All of these are well-done, or reasonably well-done films that streamlined a source novel:
Under the Skin. The ScarJo version is creepy and nicely-filmed but has only rudimentary connections to Michel Faber's novel. A woman driving around Scotland picks up men and terrible things happen to them. In the book we clearly see, and understand, the terrible things and the politics behind them. The film's actress is a beautiful blank on whom the camera lingers for most of the run-time; Faber's "Isserley" isn't much to look at but has a rich inner life.
The Man in the High Castle. This "Amazon pilot" excels at visually conjuring Philip K. Dick's parallel world where the Germans and Japanese won World War II but dumbs it down thematically. Dick's small business and lower functionary "little people" working out their fates within the context of a larger, mostly unseen political struggle become, in the Amazon version, players in a Mel Gibsonized "French Underground" story, with calculated plot twists and Nazis beating resistors to a bloody pulp.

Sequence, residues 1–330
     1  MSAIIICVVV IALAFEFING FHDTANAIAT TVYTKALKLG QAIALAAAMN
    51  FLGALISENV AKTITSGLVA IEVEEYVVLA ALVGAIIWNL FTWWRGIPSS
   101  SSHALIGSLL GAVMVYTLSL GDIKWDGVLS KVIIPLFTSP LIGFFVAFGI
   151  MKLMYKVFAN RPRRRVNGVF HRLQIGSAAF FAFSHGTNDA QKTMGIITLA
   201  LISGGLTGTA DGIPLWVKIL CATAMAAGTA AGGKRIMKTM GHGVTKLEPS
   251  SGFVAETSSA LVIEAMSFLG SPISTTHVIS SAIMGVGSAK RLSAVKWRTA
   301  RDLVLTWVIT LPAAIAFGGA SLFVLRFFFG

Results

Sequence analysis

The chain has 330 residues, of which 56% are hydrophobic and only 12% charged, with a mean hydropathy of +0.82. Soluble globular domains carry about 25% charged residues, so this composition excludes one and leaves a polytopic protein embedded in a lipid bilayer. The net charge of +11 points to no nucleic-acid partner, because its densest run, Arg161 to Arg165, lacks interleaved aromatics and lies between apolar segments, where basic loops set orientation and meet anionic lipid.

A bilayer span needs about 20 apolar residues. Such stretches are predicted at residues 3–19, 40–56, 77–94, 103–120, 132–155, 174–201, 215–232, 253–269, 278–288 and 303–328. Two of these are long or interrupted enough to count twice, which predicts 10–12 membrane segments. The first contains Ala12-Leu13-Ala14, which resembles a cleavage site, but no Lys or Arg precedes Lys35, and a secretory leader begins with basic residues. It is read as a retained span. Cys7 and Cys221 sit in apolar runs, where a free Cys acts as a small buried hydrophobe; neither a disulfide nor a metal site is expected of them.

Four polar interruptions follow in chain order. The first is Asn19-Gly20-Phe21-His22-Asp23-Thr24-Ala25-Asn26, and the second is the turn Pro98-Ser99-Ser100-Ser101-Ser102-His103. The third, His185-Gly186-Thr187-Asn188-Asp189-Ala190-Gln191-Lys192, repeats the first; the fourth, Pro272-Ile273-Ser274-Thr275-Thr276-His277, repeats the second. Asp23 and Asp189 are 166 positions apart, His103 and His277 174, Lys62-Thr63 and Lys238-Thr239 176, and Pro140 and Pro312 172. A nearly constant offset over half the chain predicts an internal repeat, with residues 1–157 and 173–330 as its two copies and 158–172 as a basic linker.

The Prestige. Christopher Nolan also adds Hollywood "story arc" to Christopher Priest's superb Gothic novel. The book does not hinge on an absurd murder trial, or a prisoner separated from his daughter. The steampunk element in the form of a miraculous "Tesla device" figures in both both stories, but Priest handles the revelations about its powers much more effectively.